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My thoughts on the matter are that metronomes are useful when practicing exercises and they probably help develop a feel for rhythm, but when performing a piece of music, we should be allowed to play what we feel and sometimes that may mean slowing down or speeding up. Don't get me wrong, I think uniformity can be an important skill, but I think flexibility ...


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I would say that your student slows down because she has a problem with the theory, technique, coordination or fractions of that passage. A metronome could make things worse as it would force her to keep the tempo at the risk of sacrificing or glossing over something which could become hardwired improperly. A dozen lessons in theory, physics or math is order....


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We can argue about how to use the metronome while learning a piece. But once you feel you HAVE learned it, I see no possible objection to checking that you can play it at a constant speed.


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We've all slowed down during more complicated passages! Chances are she doesn't need a metronome to keep time. She just needs to play the better known parts a little slower! Metronomes have their place - although in 60+ yrs of playing and 50 odd yrs of teaching I've never been compelled to use or advocate use of one. With a fairly good sense of rhythm and ...


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Imagine the strings are railways and the fingers are the wheels of a train. You can't displace one wheel after the other. The whole wagon has to be moved at once. *1) Start with Am and E changing tonic and dominant (pattern 123) or C - G7 only changing the index (1) and the Bass (C-G) then play the full chord 123 and turn softly the wrist diagonally that ...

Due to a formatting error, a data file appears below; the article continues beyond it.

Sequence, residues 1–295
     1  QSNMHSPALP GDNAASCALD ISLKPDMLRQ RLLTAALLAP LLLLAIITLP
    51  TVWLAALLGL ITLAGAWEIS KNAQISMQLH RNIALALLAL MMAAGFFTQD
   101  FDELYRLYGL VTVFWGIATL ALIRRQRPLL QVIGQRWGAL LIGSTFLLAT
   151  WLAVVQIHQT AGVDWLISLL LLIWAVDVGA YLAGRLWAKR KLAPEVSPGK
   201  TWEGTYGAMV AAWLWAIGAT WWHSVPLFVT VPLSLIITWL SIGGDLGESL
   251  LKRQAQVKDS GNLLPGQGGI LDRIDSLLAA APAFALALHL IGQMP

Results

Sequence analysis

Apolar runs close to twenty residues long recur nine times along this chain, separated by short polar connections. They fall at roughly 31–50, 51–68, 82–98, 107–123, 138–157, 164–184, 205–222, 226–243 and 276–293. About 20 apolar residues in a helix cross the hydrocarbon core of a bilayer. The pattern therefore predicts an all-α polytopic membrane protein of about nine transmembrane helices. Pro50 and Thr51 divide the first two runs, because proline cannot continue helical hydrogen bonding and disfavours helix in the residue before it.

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This depends on what you are trying to play. Some day you may want to play one of those notes along with a note on the other string. Then the touching will be bad. There are a lot of subtle manipulations required for playing clean guitar. Sometimes we use our fingers to dampen strings so they don't vibrate with the one we played. Other times we need the ...


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l don't know how to nicely place and play my fingers on the neck Can anyone please suggest to me a recommended list of steps to follow in my learning? It is worth noting, in passing, that if you had a half hour lesson with a real, flesh and blood teacher (something which I know isn't allowed in these times of almost universal lockdown) then your ...